Title:
Modular Insulation Displacement Contact Block
Kind Code:
A1


Abstract:
An insulation displacement contact block comprising a base and first, second, and third walls extending upward from the base. The first and second wall define a first wire insertion opening. The second and third wall define a second wire insertion opening. A first insulation displacement contact is disposed between the first and second wall, the first insulation displacement contact including a first side and a first edge, the first side being longer than the first edge. A second insulation displacement contact is disposed between the second and third wall, the second insulation displacement contact including a second side and a second edge, the second side being longer than the second edge. The first and second insulation displacement contacts are disposed so that the first edge faces, and is in the same plane as, the second edge. A plurality of insulation displacement contact blocks may be grouped together by a tie bar to form a strip.



Inventors:
Belopolsky, Yakov (Harrisburgh, PA, US)
Gutter, David (Felton, PA, US)
Marowsky, Richard (York, PA, US)
Application Number:
11/843078
Publication Date:
02/28/2008
Filing Date:
08/22/2007
Primary Class:
International Classes:
H01R24/00; H01R13/46
View Patent Images:
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Primary Examiner:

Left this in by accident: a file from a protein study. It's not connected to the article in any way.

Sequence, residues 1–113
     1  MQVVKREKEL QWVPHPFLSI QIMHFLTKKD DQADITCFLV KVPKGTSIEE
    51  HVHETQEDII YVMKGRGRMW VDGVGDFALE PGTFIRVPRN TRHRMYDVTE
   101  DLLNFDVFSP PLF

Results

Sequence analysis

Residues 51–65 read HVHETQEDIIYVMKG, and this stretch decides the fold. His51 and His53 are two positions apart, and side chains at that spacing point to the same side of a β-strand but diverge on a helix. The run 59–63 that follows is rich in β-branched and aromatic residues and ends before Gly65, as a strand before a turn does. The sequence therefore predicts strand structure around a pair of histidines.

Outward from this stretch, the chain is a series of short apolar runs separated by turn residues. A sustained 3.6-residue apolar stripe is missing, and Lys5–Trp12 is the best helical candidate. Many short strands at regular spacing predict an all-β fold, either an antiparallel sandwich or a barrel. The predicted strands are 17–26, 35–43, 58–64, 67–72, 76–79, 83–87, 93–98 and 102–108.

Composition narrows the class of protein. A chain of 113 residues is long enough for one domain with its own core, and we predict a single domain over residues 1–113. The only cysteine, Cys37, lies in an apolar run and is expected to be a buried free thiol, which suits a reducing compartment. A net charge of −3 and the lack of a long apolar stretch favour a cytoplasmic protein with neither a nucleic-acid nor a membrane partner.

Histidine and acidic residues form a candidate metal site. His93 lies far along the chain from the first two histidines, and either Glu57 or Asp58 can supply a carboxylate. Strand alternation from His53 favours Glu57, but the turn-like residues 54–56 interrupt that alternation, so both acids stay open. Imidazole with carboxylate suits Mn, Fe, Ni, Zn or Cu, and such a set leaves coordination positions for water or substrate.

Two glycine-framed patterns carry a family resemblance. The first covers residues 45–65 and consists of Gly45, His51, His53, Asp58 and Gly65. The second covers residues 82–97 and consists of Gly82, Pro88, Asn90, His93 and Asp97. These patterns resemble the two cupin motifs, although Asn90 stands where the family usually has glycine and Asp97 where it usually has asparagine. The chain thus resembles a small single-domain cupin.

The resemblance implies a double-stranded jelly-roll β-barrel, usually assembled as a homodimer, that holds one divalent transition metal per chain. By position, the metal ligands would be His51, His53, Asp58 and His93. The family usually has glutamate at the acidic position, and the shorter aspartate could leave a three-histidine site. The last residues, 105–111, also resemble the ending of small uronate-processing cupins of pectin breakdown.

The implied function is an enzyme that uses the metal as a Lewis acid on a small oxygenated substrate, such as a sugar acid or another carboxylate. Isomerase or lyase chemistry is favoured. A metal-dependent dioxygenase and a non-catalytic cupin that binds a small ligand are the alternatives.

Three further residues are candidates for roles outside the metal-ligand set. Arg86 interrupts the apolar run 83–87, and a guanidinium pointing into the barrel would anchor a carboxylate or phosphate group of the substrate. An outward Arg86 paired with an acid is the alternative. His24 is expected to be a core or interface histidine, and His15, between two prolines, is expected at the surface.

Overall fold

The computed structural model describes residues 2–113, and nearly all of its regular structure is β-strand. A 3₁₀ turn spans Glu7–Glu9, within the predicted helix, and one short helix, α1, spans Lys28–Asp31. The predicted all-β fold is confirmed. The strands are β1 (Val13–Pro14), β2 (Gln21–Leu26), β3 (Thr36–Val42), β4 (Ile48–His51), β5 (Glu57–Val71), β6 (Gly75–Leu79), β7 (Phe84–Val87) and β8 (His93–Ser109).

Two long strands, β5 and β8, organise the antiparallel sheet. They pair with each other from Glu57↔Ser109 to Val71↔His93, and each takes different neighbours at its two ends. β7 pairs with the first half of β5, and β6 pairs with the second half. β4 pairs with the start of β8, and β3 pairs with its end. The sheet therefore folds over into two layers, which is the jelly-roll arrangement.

PRASAD, CHANDRIKA
Attorney, Agent or Firm:
Cozen O''Connor (NEW YORK, NY, US)
Claims:
What is claimed is:

1. An insulation displacement contact block comprising: a base; a first, second, and third wall extending upward from the base, the first and second wall defining a first wire insertion opening, the second and third wall defining a second wire insertion opening; a first insulation displacement contact disposed between the first and second wall, the first insulation displacement contact including a first side and a first edge, the first side being longer than the first edge; a second insulation displacement contact disposed between the second and third wall, the second insulation displacement contact including a second side and a second edge, the second side being longer than the second edge; wherein the first and second insulation displacement contacts are disposed so that the first edge faces, and is in the same plane as, the second edge.

2. The insulation displacement contact block as recited in claim 1, wherein the base includes a flat side.

3. The insulation displacement contact block as recited in claim 2, wherein the base includes a side with a plurality of bent portions.

4. The insulation displacement contact block as recited in claim 1, wherein the first and second wire insertion openings are disposed substantially 0.080 to 0.200 inches apart.

5. The insulation displacement contact block as recited in claim 1, wherein the first and second walls further define a wire insertion cavity and a punch tool clearance cavity.